I’ve never been here before. How I wish I could speak this sentence every moment of my life. But it’s never true. When I watch you step into this room, and take a seat, what I am watching is the art of composition. I feel I am watching all of the elements find their place inside the frame. And we all know our place too well it seems, there’s hardly a moment of hesitation before the script begins, the script of this room which started long before we ever came here. As if we were already here, or that we needed to be protected by our scripts, safeguarded against whatever might happen here.
I’ve never been here before except my body is already in relationship with other bodies. Where do I belong? Isn’t this one of the key questions when writing a script? Do I belong in the back of the room, or the front row? When I’m with my friends and comrades, the ones I’m going to share my secrets with, I can feel my body exhaling, I can feel it relax, and when I’m relaxed I can let some of the world in. Is that the place you like to write your scripts from? Easy and open? When the body opens there is a flow of inside and out. The word “flow” is a name that writers like to put to their work when it’s easy. The saying goes: the work is flowing, the words are flowing, I’m in a flow. This flow of words begins in the body, as a series of sensations, as the long wave, the movement of spinal fluid from the cranium to the sacrum. Our tides are flowing, and then the words follow.
When the work is finished and it is met by an audience, what I look for is the feeling of being alive. Is the painting alive? Is there liveliness in the lines of a novel? Is the movie alive and can it help keep me alive? It’s what Brit child psychologist Donald Winnicott called being real. The child feels real when they feel vitality, when there is flow, when they have a voice. The act of scripting begins in the body and returns to the body. It is a flow that runs between bodies.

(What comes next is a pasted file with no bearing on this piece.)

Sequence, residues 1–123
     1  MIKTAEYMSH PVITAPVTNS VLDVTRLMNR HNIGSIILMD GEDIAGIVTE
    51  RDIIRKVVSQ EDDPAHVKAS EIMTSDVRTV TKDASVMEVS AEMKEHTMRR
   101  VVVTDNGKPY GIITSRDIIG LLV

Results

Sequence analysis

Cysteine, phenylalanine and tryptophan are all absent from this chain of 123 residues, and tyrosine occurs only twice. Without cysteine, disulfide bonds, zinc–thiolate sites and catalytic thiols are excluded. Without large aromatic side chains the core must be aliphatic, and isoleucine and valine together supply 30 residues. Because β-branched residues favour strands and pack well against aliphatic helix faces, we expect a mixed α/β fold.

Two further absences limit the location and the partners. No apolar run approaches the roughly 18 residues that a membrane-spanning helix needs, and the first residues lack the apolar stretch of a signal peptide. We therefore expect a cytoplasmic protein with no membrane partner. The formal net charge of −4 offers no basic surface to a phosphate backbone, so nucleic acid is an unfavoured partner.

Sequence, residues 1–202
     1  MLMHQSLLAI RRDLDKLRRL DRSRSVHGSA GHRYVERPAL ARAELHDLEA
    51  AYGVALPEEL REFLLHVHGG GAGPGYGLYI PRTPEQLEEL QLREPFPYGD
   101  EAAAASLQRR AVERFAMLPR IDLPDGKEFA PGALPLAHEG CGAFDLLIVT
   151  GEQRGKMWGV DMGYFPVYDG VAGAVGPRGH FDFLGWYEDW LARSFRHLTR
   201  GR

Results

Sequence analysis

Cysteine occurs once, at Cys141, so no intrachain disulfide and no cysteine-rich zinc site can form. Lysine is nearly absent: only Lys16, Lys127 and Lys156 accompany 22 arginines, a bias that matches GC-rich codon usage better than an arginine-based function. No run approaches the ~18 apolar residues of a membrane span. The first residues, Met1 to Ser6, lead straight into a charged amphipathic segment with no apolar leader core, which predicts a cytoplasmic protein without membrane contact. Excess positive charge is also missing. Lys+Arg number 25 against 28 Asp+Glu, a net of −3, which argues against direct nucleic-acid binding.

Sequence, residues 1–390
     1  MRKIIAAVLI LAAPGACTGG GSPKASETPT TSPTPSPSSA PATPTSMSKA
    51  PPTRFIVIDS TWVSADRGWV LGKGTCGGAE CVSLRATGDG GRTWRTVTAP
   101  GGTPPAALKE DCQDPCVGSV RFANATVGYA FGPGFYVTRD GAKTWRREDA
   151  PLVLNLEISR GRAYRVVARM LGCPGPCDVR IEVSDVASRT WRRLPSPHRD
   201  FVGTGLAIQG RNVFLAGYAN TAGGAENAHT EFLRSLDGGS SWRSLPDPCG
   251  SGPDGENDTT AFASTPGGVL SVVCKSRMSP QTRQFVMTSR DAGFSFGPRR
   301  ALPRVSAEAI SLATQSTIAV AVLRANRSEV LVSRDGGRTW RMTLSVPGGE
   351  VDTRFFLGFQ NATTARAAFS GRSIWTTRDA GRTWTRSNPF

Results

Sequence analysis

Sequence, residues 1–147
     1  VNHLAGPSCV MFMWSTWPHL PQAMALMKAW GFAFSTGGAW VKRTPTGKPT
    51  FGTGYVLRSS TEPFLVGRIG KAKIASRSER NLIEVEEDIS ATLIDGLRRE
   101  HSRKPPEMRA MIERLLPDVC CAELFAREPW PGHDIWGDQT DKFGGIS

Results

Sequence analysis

It’s funny but most artists I know like to work to deadline. They need to feel pressure. Just try holding your breath for a moment. Can you feel what happens in your shoulders? They get tight. The neck locks, the chest constricts, the knees lock. There’s no flow. Is this the place you like to write from? Can you notice how open you are to receiving impressions from the world? Can you dig down into the universe of molecular sensations that is forever passing through the frame of the body? Not much happening there, right? Feeling stops when we’re under pressure. We’re guarded and protective, we can’t afford to feel right now, it’s not safe, we’re under pressure, backed up against the wall. Is that the place you like to make work from?
Maybe I never feel at home here, in this room, with these people. Why? Perhaps because I have a different script. I wasn’t born in this country. I wasn’t born in this gender, I wasn’t born in this economic bracket, this sexual preference. The imperial language of English is my second or third or fourth language so I keep my border guards always on the alert. My underclass status is a script that belongs to me, but often it’s written by someone else, and handed to me as an unwanted gift. So many people are busy handing me the script, sometimes it seems like I wrote it myself. White people walk around without having to carry the heavy script of their colour, they walk about as if they didn’t even have a colour. How did the Czech writer put it? The unbearable lightness of being. That’s a sweet script to inherit, and completely unearned. While black people in this city are busy being harassed by the police in a practice called carding, which means that the black skin is a script, and it allows strangers with guns to abuse you, and hurt you and insult you and sometimes kill you. That’s why the Black Lives Matter movement here in the city is urging people not to call the cops. They’re urging people to change the script, because when cops arrive and people of colour are involved, the script tilts away from all of our hope, meaning: you’re already guilty.